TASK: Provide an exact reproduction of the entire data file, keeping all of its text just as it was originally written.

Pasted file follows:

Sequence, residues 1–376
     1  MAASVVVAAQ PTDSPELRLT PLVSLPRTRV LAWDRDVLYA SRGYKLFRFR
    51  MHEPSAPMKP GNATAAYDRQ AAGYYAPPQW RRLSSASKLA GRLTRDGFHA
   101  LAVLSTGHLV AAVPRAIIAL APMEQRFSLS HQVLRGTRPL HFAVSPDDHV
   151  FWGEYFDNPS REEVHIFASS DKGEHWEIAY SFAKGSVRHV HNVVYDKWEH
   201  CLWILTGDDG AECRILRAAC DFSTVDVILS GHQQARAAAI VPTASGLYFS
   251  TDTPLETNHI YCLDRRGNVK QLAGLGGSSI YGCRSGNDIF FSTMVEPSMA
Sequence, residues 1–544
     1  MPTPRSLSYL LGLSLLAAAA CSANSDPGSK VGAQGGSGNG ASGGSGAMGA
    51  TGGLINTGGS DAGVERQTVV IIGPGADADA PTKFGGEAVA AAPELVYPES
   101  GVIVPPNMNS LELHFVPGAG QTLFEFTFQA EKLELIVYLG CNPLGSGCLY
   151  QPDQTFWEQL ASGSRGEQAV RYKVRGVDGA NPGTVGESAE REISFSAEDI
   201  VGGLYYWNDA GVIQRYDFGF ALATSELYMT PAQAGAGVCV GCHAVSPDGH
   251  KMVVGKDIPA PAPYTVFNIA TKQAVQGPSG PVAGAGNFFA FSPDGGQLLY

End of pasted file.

Sequence, residues 1–376
     1  MAASVVVAAQ PTDSPELRLT PLVSLPRTRV LAWDRDVLYA SRGYKLFRFR
    51  MHEPSAPMKP GNATAAYDRQ AAGYYAPPQW RRLSSASKLA GRLTRDGFHA
   101  LAVLSTGHLV AAVPRAIIAL APMEQRFSLS HQVLRGTRPL HFAVSPDDHV
   151  FWGEYFDNPS REEVHIFASS DKGEHWEIAY SFAKGSVRHV HNVVYDKWEH
   201  CLWILTGDDG AECRILRAAC DFSTVDVILS GHQQARAAAI VPTASGLYFS
   251  TDTPLETNHI YCLDRRGNVK QLAGLGGSSI YGCRSGNDIF FSTMVEPSMA
Sequence, residues 1–544
     1  MPTPRSLSYL LGLSLLAAAA CSANSDPGSK VGAQGGSGNG ASGGSGAMGA
    51  TGGLINTGGS DAGVERQTVV IIGPGADADA PTKFGGEAVA AAPELVYPES
   101  GVIVPPNMNS LELHFVPGAG QTLFEFTFQA EKLELIVYLG CNPLGSGCLY
   151  QPDQTFWEQL ASGSRGEQAV RYKVRGVDGA NPGTVGESAE REISFSAEDI
   201  VGGLYYWNDA GVIQRYDFGF ALATSELYMT PAQAGAGVCV GCHAVSPDGH
   251  KMVVGKDIPA PAPYTVFNIA TKQAVQGPSG PVAGAGNFFA FSPDGGQLLY